Sudbury is located in Suffolk
Location within Suffolk
Population13,063 (2011)[1]
OS grid referenceTL8741
Shire county
Sovereign stateUnited Kingdom
Post townSUDBURY
Postcode districtCO10
Dialling code01787
AmbulanceEast of England
UK Parliament
List of places
52°02′30″N 0°43′41″E / 52.0417°N 0.72816°E / 52.0417; 0.72816Coordinates: 52°02′30″N 0°43′41″E / 52.0417°N 0.72816°E / 52.0417; 0.72816
Arms of Sudbury Town Council
Sudbury Achievement.png
CrestOn a Wreath of the Colours a Talbot's Head erased Or between two Ostrich Feathers erect Argent.
BlazonSable a Talbot sejant Argent on a Chief Gules a Lion passant guardant between two Fleurs-de-Lis Or.
Granted 20 September 1576 [2]

Sudbury (/ˈsʌdbəri/, locally /ˈsʌbəri/) is a market town in Suffolk, England, on the River Stour near the Essex border, 60 miles (97 km) north-east of London. At the 2011 census, it had a population of 13,063. It is the largest town in the Babergh local government district and part of the South Suffolk constituency.

Sudbury was an Anglo-Saxon settlement from the end of the 8th century, and its market was established in the early 11th century. Its textile industries prospered in the Late Middle Ages, the wealth of which funded many of its buildings and churches. The town became notable for its art in the 18th century, being the birthplace of Thomas Gainsborough, whose landscapes offered inspiration to John Constable, another Suffolk painter of the surrounding Stour Valley area. The 19th century saw the arrival of the railway with the opening of a station on the historic Stour Valley Railway, and Sudbury railway station forms the current terminus of the Gainsborough Line. In World War II, US Army Airforce bombers operated from RAF Sudbury.

Today, Sudbury retains its status as a market town with a twice-weekly market in the town centre in front of St Peter's Church, which is now a local community point for events such as concerts and exhibitions. In sport, the town has a semi-professional football club, A.F.C. Sudbury, which competes at the seventh level of the football pyramid.


Early history

Sudbury's history dates back into the age of the Saxons.[3] The town's earliest mention is in circa 799, when Ælfhun, Bishop of Dunwich, died in the town.[4] The Anglo-Saxon Chronicle records the town as Suðberie ("south-borough"), presumed to distinguish it from Norwich or Bury St Edmunds, to the north,[3] and c. 995 is recorded as Suðbyrig.[5] The town is also mentioned in the Domesday Book of 1086, as a market town where the local people came to barter their goods.[4] The market was established in 1009.[6] During this period the town was surrounded by a defensive ditch and a diverted section of the River Stour.[5]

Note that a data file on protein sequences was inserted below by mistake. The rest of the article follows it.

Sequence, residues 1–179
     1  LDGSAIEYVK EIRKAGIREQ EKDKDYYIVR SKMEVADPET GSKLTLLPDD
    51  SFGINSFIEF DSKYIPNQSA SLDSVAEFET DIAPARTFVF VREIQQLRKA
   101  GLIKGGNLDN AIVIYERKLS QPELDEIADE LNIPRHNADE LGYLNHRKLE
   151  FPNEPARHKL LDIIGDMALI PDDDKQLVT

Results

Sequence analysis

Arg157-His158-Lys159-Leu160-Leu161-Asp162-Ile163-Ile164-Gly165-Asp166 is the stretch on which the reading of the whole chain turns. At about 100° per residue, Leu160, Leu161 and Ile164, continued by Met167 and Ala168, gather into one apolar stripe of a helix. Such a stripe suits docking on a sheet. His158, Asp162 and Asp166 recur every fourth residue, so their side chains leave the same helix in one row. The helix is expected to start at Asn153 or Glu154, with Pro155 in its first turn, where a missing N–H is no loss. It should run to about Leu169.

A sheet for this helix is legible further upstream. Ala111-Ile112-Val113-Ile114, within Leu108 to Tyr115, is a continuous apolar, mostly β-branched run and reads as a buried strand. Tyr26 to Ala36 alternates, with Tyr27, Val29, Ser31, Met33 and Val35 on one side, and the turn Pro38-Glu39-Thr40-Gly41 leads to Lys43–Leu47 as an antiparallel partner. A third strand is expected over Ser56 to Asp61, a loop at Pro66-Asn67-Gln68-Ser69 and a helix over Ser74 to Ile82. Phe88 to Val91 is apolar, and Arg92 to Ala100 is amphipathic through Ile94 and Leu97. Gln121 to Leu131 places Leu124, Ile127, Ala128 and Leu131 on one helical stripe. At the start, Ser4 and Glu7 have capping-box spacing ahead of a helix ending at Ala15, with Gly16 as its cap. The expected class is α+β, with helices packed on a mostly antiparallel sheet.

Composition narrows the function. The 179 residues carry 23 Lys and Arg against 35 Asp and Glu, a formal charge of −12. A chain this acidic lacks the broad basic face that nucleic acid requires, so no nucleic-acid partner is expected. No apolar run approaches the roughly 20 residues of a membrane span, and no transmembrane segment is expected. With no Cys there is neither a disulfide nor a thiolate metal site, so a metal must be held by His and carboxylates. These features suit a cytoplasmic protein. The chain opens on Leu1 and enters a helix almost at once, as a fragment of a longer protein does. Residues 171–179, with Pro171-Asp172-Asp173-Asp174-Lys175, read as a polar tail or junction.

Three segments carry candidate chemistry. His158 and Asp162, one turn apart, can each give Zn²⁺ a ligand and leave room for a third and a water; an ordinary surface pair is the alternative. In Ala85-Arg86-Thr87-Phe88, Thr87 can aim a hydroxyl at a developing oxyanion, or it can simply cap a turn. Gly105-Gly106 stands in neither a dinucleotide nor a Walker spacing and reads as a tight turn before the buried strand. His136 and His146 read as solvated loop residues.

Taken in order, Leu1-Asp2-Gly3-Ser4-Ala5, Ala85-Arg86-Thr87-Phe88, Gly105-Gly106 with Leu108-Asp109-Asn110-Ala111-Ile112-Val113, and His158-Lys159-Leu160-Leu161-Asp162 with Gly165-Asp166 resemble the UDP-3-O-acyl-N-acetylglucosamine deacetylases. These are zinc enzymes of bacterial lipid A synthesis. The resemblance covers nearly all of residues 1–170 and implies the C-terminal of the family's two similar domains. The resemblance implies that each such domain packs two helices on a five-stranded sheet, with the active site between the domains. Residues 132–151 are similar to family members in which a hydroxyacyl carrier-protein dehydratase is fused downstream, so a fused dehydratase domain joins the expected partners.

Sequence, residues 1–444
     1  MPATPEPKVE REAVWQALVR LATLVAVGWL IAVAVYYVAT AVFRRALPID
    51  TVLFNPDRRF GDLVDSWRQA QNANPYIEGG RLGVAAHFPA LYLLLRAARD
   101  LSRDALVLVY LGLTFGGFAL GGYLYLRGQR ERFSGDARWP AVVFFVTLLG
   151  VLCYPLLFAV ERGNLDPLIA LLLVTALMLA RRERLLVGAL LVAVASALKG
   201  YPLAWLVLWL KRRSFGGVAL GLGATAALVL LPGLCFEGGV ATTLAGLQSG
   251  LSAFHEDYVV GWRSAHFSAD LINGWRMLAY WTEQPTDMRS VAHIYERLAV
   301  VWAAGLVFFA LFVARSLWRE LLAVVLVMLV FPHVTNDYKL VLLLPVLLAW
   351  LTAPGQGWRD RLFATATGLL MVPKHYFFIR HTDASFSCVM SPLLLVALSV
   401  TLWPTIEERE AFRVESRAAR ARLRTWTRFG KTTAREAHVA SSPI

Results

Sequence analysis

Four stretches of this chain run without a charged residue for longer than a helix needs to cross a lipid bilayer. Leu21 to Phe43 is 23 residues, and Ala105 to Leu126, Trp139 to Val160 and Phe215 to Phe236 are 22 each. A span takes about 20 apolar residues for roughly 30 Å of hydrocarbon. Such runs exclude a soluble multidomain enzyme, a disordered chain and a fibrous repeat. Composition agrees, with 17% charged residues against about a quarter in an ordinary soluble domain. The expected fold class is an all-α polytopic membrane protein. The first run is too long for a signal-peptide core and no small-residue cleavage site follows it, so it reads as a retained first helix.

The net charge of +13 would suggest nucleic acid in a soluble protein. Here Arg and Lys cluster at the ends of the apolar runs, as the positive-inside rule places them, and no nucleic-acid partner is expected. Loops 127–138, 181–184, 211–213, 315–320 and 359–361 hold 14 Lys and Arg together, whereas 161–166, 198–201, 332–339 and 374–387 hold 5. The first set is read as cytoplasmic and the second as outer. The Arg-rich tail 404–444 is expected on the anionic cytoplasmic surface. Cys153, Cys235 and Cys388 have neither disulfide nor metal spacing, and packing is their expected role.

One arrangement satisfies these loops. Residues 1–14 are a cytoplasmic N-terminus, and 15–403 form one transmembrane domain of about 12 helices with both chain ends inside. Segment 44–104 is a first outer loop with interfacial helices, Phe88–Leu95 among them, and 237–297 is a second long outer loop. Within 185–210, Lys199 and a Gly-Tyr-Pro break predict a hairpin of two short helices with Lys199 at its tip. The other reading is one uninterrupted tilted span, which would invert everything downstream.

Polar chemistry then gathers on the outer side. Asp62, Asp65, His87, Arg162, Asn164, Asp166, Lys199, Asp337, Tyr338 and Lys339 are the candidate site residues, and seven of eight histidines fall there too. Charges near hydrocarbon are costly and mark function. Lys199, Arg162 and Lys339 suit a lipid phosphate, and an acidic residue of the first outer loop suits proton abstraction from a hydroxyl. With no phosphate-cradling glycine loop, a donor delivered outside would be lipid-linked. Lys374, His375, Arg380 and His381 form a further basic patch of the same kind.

The Church of All Saints was established in the 12th century before being bought by Adam the Monk, who then passed the church and its lands to the Abbey of St Albans.[5][7] St Bartholemew's Benedictine Priory and the Chapel of Holy Sepulchre were also established in the 12th century.[5]

A community of Dominicans established Sudbury Priory in the mid-13th century and gradually extended the size of their priory, which was one of three Dominican priories in the county of Suffolk.[8] A leper hospital was founded on the outskirts of the town in 1272.[5]

Sudbury was one of the first towns in which Edward III settled the Flemings,[3] allowing the weaving and silk industries to prosper for centuries during the Late Middle Ages. As the main town in the area, Sudbury prospered too, and many great houses and churches were built, giving the town a major historical legacy. The Woolsack in the House of Lords was originally stuffed with wool from the Sudbury area, a sign of both the importance of the wool industry and of the wealth of the donors.

One citizen of Sudbury, Archbishop Simon Sudbury showed that not even the Tower of London guarantees safety. On 14 June 1381 guards opened the Tower's doors and allowed a party of rebellious peasants to enter. Sudbury, inventor of the poll tax, was dragged to Tower Hill and beheaded.[9] His body was afterwards buried in Canterbury Cathedral, but his skull is kept in St Gregory's Church,[10] one of the three medieval churches in Sudbury. Simon's concerns for his native town are reflected in the founding of St Leonard's Hospital in 1372, a place of respite, towards Long Melford, for lepers.[11] For the College of St Gregory, which he founded in 1375 to support eight priests, he used his father's former house and an adjoining plot.[12]